Scientists shocked by what they found out about vegetable oil

Scientists shocked by what they found out about vegetable oil

The results were so surprising, the researchers are practically throwing it out.

Think switching from butter to vegetable oil will be good for you? Maybe not, says a new study.

The new study suggests that your heart health won’t improve if you cut saturated fat in an animal sources in favor of vegetable oil, according to a UPI report quoting scientists from the Harvard T.H. Chan School of Public Health.

The research actually doesn’t come to any conclusions about a healthy diet — in fact, scientists admit that replacing saturated fats with unsaturated fats from soybean, corn, olive and canola oils will lower the risk of heart disease. Dr. Frank Hu, one of the researchers on the project, said the study was “flawed” and that current knowledge about dietary guidelines shouldn’t be disregarded because of these findings.

For this study, participants were randomly asked to eat a normal diet, or one where they replaced saturated fat with unsaturated fats from vegetable oils.

While cholesterol levels declined, scientists were surprised to find a higher risk of death.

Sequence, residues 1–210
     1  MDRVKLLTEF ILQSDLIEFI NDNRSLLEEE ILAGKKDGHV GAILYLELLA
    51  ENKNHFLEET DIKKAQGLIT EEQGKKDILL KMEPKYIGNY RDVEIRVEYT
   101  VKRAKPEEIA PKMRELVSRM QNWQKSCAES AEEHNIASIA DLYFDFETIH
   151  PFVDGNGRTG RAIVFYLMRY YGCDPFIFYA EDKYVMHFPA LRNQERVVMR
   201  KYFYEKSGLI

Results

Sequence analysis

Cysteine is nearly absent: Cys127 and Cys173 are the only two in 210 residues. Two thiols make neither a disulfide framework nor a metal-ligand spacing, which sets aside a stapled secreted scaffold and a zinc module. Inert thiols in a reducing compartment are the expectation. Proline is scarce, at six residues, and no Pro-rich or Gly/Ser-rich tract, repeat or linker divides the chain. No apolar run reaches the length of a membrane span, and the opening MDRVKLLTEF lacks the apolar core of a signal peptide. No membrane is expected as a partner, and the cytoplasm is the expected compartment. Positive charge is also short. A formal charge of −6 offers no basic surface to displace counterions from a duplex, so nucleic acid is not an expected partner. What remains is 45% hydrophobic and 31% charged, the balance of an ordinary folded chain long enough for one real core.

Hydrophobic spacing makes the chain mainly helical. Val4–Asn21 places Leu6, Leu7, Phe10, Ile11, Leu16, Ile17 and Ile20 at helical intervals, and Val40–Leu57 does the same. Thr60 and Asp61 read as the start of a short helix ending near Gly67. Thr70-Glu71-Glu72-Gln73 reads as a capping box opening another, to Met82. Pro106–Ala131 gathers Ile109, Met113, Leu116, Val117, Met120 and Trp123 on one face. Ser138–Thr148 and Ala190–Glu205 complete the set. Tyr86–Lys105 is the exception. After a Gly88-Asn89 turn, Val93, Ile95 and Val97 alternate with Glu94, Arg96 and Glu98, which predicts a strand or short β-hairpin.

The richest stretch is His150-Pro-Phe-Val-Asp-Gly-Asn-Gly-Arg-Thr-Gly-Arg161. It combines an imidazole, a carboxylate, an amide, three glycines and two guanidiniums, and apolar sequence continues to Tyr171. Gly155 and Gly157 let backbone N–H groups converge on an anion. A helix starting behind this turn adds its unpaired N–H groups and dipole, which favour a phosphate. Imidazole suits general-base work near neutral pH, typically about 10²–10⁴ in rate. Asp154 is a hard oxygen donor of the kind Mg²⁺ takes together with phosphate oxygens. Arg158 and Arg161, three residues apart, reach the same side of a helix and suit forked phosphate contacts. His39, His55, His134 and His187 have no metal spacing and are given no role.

More research will need to be conducted to explain these findings, but it’s certainly a curious discovery that was somewhat corroborated by researchers at Ohio State University last month.

OSU found that the risk of heart disease and diabetes are lowered by a diet higher in a lipid found in grapeseed and other oils, but not in olive oil. It’s the higher levels of linoleic acid that are believed to reduce heart-threatening fat in the body. But there is a problem, Ohio State’s Martha Belury, a professor of human nutrition who led the research, said in the statement.

“Vegetable oils have changed. They’re no longer high in linoleic acid,” she said.

The statement noted: “Though inflammation decreased as blood levels of those fatty acids rose, higher levels of oleic acid or long-chain omega-3s did not appear to have any relationship to body composition or signs of decreased diabetes risk despite longstanding recommendations that people eat more of these ‘healthy’ fats.”

This finding “really kind of popped out and surprised us,” Belury said.



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